By Juan Tutrifo at ringside (sort of)
Shannon Briggs' career has been feast or famine. He either knocks you out early, or gets dragged out over 12 rounds.
Saturday night was a slight shift from normal form, requiring two rounds to get rid of career journeyman Michael Marrone in front of a hearty crowd at Seminole Hard Rock Hotel and Casino in Hollywood, Florida.
Chants of "Let's Go Champ!" were all the proof needed that Briggs has definitely developed a cult following, at least in the South Florida region. Always in tip-top shape and often deranged, the 43-year old heavyweight is still capable of blowing away the bottom tier of the heavyweight division.
Marrone is considerably better than the collection of stiffs Briggs has feasted on throughout his career, but was barely any more competitive.
The threat of a 1st round knockout came about when Marrone hit the deck early, but managed to make it out of the round. The sequence was enough to get the always energetic Briggs all the way into fighting spirit. His efforts drew a reaction from the vocal patrons in attendance on a night dedicated to the heavyweight division, with a number of former champs in town to take part in the filming of a forthcoming documentary.
It would only take one more round for the former heavyweight champion of the world to get the job done. A wicked body shot put Marrone (21-5, 15KOs) on the canvas once again, this time counted out at 2:52 of round two.
Briggs is now 59-6-1 (52KOs), winner of eight in a row and for the 37th time in his career registering a knockout inside of one round.
Naturally the Brooklyn born-and-raised heavyweight -- who now lives and trains in South Florida -- would love for his next fight to be against Wladimir Klitschko, the current heavyweight champion of the world. The longtime rivals met at The Heavyweight Factory earlier this week for their latest YouTube adventure, with Briggs once again calling out Klitschko.
For what it's worth, Klitschko insisted he would cheer for Briggs and that he should wait until after fighting and winning on Saturday before discussing such a fight. Of course, the defending heavyweight champion is more focused on his own next title defense, versus unbeaten Tyson Fury -- another colorful heavyweight -- next month in Germany.
Joshua "Too Tuff" Tufte was barely edged Arkansas sub .500 heavyweight Jamal Woods, scoring an eight-round split decision in a performance as sorry as his nickname. Scores were 78-74 for Woods (7-21-3, 7KOs), and matching tallies of 77-75 for Tufte (19-1, 9KOs).
Middle-aged heavyweight Maurice Harris was fortunate to avoid a third straight loss, struggling to an eight-round draw with fleshy heavyweight Grover Young.
Each fighter won by scores of 77-75, with a third judge seeing the fight even at 76-76. Those at ringside who stayed awake long enough to make it through the dull affair believed Young
whose decepitive sub .500 hardly reflects the efforts he puts forth in each fight
deserved the nod, by way of his superior body work.
Harris (26-19-3, 11KOs) was once upon a time a reliable spoiler in the 1990s heavyweight scene. Those days are long gone, as the 39-year old has just two wins in his past nine fights dating back to 2011. The bout was his first since a 2nd round knockout loss to Andrey Fedosov last April.
Young heads back to Memphis with his record now 12-16-2 (8KOs). The 26-year old southpaw is coming off of a competitive four-round loss to unbeaten Edwin Alvarez in July.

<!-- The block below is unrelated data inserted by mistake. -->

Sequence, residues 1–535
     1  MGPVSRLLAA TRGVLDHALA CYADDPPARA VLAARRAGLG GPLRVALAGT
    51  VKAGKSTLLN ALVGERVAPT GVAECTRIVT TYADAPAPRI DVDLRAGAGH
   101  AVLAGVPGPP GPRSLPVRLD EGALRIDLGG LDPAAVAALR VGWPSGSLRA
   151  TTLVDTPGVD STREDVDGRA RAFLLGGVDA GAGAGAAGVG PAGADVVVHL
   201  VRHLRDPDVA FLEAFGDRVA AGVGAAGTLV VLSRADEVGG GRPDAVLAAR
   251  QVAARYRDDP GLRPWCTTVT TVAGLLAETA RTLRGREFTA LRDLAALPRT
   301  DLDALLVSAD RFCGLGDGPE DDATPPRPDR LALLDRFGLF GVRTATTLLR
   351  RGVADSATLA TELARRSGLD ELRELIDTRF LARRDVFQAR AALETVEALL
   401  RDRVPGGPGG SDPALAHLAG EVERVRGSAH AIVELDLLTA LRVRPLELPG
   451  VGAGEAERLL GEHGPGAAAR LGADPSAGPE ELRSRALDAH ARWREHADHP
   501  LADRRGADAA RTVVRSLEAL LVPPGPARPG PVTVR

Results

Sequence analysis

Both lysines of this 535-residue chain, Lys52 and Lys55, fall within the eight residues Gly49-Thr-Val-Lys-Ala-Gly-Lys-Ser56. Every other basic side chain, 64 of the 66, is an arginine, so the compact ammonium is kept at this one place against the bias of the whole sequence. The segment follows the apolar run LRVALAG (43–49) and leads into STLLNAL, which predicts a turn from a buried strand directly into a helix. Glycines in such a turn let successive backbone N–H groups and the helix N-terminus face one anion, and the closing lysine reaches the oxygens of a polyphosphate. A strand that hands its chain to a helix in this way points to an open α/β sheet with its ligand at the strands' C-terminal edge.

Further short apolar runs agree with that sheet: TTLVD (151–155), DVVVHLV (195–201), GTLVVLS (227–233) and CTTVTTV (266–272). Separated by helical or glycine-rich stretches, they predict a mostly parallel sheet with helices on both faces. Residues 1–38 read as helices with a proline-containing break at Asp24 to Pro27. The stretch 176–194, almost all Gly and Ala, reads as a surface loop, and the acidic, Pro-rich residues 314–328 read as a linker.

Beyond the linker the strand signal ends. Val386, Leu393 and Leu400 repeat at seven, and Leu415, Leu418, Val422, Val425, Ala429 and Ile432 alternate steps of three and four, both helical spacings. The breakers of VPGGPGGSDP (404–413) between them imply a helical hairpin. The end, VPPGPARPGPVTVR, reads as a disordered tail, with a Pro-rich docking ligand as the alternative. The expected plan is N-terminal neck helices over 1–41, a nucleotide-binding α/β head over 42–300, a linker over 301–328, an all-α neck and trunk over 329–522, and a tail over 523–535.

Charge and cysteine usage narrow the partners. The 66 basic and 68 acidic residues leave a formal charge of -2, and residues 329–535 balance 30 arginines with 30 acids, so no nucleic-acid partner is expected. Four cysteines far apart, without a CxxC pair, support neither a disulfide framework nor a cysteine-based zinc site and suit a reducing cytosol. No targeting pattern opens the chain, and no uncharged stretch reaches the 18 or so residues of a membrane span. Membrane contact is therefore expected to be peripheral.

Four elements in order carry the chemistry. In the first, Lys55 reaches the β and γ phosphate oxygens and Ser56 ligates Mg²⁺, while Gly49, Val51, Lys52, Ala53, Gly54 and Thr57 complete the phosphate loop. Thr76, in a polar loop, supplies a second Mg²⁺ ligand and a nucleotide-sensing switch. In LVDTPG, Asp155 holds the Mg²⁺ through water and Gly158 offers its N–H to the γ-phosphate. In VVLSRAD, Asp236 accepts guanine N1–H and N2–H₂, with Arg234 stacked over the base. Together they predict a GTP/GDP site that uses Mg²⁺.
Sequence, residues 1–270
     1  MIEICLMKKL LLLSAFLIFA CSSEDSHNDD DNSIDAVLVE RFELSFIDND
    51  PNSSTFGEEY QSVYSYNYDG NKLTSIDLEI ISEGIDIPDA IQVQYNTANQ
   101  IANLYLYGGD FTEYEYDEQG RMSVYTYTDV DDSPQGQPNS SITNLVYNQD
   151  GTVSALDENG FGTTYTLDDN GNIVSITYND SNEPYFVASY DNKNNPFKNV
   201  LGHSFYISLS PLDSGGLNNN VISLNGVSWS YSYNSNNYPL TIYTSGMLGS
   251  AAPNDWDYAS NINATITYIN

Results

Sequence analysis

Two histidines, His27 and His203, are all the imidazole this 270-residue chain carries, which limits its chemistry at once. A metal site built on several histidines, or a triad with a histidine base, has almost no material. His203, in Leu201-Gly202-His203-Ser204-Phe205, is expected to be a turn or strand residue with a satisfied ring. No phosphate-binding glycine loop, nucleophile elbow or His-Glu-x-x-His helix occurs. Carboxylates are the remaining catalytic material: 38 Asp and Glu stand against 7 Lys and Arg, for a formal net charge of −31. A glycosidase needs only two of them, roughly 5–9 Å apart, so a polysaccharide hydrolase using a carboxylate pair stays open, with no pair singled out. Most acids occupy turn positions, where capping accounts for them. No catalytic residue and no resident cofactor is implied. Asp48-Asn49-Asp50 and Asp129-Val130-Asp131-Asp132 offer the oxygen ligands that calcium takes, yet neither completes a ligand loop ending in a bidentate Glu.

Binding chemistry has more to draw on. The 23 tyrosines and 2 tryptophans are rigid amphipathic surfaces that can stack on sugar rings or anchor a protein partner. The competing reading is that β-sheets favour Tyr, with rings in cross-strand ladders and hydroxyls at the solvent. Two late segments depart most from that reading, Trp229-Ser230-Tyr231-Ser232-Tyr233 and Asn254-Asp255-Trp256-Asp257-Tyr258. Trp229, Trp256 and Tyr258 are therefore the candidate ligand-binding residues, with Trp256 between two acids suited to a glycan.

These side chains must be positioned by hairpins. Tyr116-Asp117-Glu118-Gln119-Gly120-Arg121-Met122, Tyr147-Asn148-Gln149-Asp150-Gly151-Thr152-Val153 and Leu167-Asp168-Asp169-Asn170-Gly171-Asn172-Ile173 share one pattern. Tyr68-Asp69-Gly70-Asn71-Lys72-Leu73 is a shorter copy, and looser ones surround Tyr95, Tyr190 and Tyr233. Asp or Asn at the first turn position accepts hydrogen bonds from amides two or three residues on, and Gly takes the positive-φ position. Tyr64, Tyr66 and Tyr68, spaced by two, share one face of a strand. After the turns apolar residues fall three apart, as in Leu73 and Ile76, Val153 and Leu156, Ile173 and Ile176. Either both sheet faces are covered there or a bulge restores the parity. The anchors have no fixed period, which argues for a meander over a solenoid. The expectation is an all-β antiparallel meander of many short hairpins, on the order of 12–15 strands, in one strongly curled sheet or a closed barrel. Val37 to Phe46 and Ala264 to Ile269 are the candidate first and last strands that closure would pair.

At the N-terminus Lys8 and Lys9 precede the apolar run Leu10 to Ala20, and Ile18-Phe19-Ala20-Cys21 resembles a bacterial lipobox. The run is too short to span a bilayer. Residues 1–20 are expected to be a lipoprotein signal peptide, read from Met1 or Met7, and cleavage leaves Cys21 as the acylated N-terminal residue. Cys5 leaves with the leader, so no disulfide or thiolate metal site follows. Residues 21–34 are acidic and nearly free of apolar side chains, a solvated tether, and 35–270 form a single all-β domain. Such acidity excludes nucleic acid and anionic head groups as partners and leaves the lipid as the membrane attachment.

Two major upsets came earlier in the night.
Leander saw his castle pillaged by Virginia heavyweight Antonio Roberston, who scored a four-round split decision. Leander (11-3, 8KOs) won 39-37 on one card, but was overruled by identical scores of 39-37 in favor of Robertson (4-5-1, 2KOs), who has now won four in a row after beginning his career 0-5-1.
Haitian heavyweight Dieuly "The Untamed Beast" Aristilde was caged and conquered by Brandon Spencer, a 300 lb. heavyweight from Georgia who lost seven out of his past eight fights before tonight. The tide turned for the 4-11-1 (3KOs) clubfighter, who snatched victory from the jaws of defeat after putting Artistilde (9-8, 2KOs) -- who hasn't fought since 2013 -- on the canvas twice in the deciding 4th round, prompting all three judges to score the fight 38-36 in his favor. The bout would have been a draw without the knockdowns.
Kicking off what became an undercard of close decisions, Terrance Marbra (now 8-3, 6KOs) grinded out a four-round majority decision win over towering heavyweight Ernest Mazyck. One judge had the fight even at 38-38, but scores of 39-37 and 40-36 gave Marbra the win over the 6'9" Mazyck (8-2, 3KOs), aptly named Zeus.
Local heavyweights Edwin Alvarez and Quadtrine Hill made things easy on the judges by producing knockout wins in separate bouts.
The unbeaten Alvarez -- a good-looking prospect from Miami -- drilled Steve Teagle midway through the opening round of a matchup between unbeaten heavyweights. Alvarez (5-0, 4KOs) put Teagle (1-1, 1KOs) down and out with a body shot, ending the fight at 1:40 of round one.
Hill continues to make a run in the boxing world after a standout college football career and a brief stay in the National Football League (NFL). The former stud fullback for the Miami Hurricanes ended a four-year break from the ring with a 3rd round knockout of Quincey Palmer (9-7, 9KOs), who has either scored a knockout or has been knocked out in all but one career fight.
Jake Donovan is the managing editor of BoxingScene.com. Twitter: @JakeNDaBox